A clear finish may sometimes disguise or obscure the grain, but it will never cover imperfections in the surface of the wood. Rather, it will emphasize them. The more work you put into sanding, the better your chances of a first-class finish.
Abrasive papers are made from glass (flint), flour, garnet, aluminium oxide or silicon carbide. Glasspaper is the cheapest, but it also wears out quickest. It has no real advantages over garnet, which gives a more ‘sympathetic’ cut, and hardwoods seem to like it better. Aluminium oxide papers are expensive, long-lasting, and are usually used with machines. Silicon carbides (wet and dry), though available in coarse grades, tend to be used for cutting back between coats, especially of hard synthetic lacquers. Lubricate them with water, white spirit (paint thinner) or mineral oil. Avoid using liquid paraffin or mineral oil, which are insoluble in meths (wood alcohol), on raw wood. Raw linseed oil is usually better.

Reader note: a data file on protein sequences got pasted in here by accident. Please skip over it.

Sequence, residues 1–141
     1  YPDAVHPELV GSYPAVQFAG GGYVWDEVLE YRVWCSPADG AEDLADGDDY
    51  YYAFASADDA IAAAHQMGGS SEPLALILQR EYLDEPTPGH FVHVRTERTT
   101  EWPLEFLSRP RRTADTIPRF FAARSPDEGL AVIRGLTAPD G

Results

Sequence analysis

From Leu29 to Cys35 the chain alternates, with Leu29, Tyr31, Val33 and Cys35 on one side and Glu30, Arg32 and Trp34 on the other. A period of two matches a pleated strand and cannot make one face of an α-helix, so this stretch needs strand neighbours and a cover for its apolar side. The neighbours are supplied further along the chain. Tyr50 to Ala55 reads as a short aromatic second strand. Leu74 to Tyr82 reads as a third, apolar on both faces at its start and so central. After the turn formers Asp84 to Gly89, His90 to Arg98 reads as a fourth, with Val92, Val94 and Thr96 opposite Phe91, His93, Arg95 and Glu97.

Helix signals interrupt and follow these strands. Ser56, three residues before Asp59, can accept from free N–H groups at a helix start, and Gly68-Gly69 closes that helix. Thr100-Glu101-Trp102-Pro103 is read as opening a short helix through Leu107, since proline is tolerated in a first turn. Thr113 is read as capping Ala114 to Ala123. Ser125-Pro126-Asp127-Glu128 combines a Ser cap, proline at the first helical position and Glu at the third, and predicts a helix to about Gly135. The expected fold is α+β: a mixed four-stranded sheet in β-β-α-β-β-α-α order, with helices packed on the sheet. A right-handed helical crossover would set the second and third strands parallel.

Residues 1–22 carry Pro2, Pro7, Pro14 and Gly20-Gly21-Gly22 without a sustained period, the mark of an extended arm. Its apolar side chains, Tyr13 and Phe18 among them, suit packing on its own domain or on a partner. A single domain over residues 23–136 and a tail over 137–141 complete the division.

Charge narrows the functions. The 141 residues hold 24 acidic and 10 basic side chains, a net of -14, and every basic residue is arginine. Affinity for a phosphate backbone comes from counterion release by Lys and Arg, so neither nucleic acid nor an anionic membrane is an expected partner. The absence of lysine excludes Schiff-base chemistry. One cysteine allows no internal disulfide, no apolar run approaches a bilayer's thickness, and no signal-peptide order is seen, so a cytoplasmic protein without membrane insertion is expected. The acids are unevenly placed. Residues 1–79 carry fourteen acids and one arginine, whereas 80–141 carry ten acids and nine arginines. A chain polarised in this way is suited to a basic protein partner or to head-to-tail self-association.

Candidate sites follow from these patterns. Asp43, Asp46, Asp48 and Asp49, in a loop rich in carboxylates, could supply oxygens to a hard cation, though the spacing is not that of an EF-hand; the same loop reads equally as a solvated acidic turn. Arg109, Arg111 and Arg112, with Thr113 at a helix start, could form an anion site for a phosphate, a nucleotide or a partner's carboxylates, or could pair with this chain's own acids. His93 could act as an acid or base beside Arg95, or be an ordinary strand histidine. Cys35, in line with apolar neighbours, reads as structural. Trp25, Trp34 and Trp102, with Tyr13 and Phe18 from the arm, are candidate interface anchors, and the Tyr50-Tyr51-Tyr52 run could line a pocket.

There are at least three marking systems, of which the easiest one is the ‘ordinary’ numbers, starting at 30 or 40 for the coarsest grades. A 30/40 grit size is the same as S2 for the glass and 1-1/2 for the garnet; 100 grit is F2, 2/0 garnet; and 150 is 1 glass, 4/0 garnet.
Steel wool is used for stripping in nooks and crannies where no tool blade will go, for surface repairs and reviving, for cutting back between coats, and for final burnishing, usually with wax or oil. The coarsest grade available is 3, the very finest is 0000 or 4/0.
Pumice and rottenstone are fine powders – pumice is the coarser – usually mixed with oil to make an abrasive burnishing paste. The friction they create is also an effective remover of blemishes in shellac finishes.
Car polishes, including T-Cut, can be used. Any really fine abrasive paste, even toothpaste, is good in the last burnishing stages.
Animal (scotch) glue was about the only furniture adhesive there was until the 1950s, and you are bound to come across it in repairs. It is used hot, and can be melted – with care – with hot water or an iron to make it stick again.
PVA (yellow) is the most commonly used adhesive nowadays. While not waterproof, it is extremely strong. Time and pressure are needed for it to set effectively.
Formaldehydes are usually bought in powder form and mixed with water for application. They are harder to use than PVA, but are waterproof.
Impacts (contacts) are good for sheet materials but unforgiving because they stick immediately, unless you use a ‘thixotropic’, which allows some re-positioning.
Two-pack epoxies set rock-hard. They are useful for filling and building up in woodwork.
Tauqeer Ul Hassan –
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